Sanctions give PSU opponents chance to cherry pick

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If you are a college football coach in need of a player or two, Penn State’s misfortune could turn out to be your team’s lucky strike.

There’s a blue-and-white plate special going on right now in Happy Valley, and coaches from all over the country are looking at the Nittany Lions’ roster like a menu _ even though a hoard of Penn State players have pledged to stick with the school through the tough times.

Illinois coaches were in State College, Pa., to recruit on Wednesday. Arizona coach Rich Rodriguez told reporters his staff has talked with a couple of Nittany Lions. Baylor coach Art Briles has said his staff was contacted by at least one Penn State player.

Preseason practice starts at Penn State on Aug. 6. The next two weeks could be the most difficult of Bill O'Brien’s coaching career as he tries to keep his team together.

NCAA sanctions will keep the Nittany Lions out of a bowl game for the rest of these players’ careers, and college sports’ governing body is allowing any of them to transfer to another school and get on the field right away.

The only restriction is they cannot practice or play with Penn State this year and still play for another school this season.

Players can transfer and be eligible for next season any time before the start of fall practice in 2013, but O'Brien should know what he has to work with in 2012 on Aug. 6.

And he got some good news on Wednesday.

At least 13 players listed as first-stringers on the preseason depth chart affirmed their commitment to staying in Happy Valley, including senior quarterback Matt McGloin.

“We want to let the nation know that we’re proud of who we are,” senior fullback Michael Zordich said, flanked by his fellow players early Wednesday morning. “We’re the true Penn Staters, and we’re going to stick together through this. We’re going to see this thing through, and we’re going to do everything we can for the university. We know it’s not going to be easy, but we know what we’re made of.”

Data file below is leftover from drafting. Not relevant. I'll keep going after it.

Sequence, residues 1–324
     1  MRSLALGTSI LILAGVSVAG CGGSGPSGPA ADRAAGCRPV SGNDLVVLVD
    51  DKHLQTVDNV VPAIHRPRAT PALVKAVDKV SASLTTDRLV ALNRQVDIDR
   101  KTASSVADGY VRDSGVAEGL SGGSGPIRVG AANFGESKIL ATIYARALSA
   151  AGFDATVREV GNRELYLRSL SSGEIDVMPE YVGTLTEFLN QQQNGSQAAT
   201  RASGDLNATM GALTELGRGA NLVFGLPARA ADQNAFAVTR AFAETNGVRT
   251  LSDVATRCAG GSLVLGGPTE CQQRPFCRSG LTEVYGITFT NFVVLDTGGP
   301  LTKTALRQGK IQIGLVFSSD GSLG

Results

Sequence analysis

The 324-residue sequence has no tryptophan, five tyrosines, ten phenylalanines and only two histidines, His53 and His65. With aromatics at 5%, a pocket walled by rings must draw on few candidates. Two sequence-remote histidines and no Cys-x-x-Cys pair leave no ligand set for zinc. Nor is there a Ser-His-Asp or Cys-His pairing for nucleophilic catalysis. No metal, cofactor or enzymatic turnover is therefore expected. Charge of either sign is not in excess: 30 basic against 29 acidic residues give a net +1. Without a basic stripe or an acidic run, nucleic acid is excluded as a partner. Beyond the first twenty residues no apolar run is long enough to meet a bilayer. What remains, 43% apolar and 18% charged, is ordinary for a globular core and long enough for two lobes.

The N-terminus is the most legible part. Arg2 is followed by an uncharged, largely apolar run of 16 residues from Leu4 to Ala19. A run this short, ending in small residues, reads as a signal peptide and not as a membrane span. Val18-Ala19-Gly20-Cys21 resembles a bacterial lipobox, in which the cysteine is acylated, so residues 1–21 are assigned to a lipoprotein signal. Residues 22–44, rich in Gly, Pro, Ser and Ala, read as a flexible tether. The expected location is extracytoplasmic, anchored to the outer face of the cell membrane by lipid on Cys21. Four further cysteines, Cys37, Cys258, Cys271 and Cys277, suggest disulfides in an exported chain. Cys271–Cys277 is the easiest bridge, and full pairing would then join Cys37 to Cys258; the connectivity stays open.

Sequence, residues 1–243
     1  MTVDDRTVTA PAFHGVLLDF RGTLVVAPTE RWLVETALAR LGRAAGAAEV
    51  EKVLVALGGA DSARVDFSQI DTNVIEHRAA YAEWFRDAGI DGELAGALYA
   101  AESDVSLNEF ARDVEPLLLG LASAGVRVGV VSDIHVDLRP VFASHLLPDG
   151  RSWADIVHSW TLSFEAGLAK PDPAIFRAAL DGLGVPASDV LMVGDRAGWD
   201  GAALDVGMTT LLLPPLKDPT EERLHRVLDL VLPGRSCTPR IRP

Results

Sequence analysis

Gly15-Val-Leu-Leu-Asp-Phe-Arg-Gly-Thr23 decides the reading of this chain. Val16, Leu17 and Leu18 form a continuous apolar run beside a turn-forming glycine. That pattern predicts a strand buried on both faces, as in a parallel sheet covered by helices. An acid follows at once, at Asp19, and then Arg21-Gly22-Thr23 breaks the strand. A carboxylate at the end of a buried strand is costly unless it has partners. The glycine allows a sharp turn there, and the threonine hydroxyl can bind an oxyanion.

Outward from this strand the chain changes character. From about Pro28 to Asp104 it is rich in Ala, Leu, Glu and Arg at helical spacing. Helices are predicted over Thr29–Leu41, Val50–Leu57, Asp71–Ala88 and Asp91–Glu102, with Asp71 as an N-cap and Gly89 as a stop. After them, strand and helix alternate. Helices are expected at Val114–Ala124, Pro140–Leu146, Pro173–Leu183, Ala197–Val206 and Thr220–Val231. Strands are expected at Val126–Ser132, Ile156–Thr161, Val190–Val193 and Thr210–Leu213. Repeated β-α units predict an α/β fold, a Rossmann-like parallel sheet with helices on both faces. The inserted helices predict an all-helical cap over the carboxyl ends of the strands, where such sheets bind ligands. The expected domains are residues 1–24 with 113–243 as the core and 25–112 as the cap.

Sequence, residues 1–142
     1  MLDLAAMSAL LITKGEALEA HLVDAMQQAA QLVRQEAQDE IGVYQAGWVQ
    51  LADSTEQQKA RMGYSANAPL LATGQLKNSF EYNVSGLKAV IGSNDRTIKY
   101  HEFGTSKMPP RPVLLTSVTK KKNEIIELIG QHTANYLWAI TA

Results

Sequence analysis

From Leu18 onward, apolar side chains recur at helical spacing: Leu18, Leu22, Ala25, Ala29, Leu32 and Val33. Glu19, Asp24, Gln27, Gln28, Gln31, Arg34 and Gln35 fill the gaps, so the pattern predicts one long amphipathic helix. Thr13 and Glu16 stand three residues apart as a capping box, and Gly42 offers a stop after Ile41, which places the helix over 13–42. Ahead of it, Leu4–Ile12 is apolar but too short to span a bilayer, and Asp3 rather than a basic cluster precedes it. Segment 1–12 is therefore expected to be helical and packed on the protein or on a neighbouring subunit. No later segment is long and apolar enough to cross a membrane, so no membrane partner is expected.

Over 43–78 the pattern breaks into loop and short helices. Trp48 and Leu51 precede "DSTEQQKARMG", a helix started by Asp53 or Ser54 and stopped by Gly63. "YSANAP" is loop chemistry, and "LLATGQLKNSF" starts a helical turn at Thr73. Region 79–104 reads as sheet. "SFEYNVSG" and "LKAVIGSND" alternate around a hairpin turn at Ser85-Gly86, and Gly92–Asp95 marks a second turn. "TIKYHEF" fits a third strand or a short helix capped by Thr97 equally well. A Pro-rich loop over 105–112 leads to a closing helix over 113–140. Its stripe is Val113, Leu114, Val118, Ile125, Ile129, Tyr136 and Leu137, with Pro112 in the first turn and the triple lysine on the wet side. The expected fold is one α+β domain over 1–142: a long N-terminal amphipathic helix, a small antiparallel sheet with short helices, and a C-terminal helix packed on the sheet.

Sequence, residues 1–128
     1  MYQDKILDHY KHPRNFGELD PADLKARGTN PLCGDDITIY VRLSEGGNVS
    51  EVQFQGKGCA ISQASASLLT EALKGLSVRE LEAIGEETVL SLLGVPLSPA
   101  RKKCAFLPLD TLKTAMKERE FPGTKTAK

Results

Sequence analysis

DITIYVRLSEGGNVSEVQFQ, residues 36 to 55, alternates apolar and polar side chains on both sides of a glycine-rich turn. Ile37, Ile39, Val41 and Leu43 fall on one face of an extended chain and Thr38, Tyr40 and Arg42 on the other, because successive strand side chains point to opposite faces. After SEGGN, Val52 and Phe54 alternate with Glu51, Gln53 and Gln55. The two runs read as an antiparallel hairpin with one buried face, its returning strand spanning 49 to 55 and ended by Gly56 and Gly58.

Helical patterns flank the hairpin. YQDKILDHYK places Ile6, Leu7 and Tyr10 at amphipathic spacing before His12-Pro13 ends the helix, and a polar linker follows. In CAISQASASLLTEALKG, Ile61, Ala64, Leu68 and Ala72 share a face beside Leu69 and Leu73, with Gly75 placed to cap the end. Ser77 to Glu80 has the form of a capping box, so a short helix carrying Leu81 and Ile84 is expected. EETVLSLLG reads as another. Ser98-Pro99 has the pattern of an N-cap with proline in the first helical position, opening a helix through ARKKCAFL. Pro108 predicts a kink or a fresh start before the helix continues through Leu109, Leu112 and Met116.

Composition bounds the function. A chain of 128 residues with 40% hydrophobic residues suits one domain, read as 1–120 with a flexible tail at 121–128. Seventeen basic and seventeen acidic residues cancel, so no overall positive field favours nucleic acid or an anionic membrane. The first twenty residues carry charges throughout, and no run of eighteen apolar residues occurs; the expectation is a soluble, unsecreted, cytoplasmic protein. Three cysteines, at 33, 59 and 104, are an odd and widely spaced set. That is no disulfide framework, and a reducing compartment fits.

Neither Zordich nor senior linebacker Michael Mauti _ both sons of former Penn State players _ mentioned former assistant coach Jerry Sandusky by name during the impromptu news conference, where they didn’t take any questions after reading a statement.

“We take this as an opportunity to create our own legacy,” Mauti said. “This program was not built by one man and it’s sure as hell not going to get torn down by one man. This program was built on every alumni, every single player that came before us, built on their backs.”

The Nittany Lions can’t play in a bowl game until the 2016 season after an unprecedented child sex abuse scandal that shattered the program’s image as a place where “success with honor” was the rule. The scholarship reductions they’ll receive could make it difficult for O'Brien to field a competitive squad during the next few seasons.

On Twitter, McGloin called the NCAA penalties “extremely harsh.”

“I am a Nittany Lion and will remain one,” he tweeted. “I believe in the core values I have learned in this program. It is not Nittany Lion Football. It is Nittany Lion family.”

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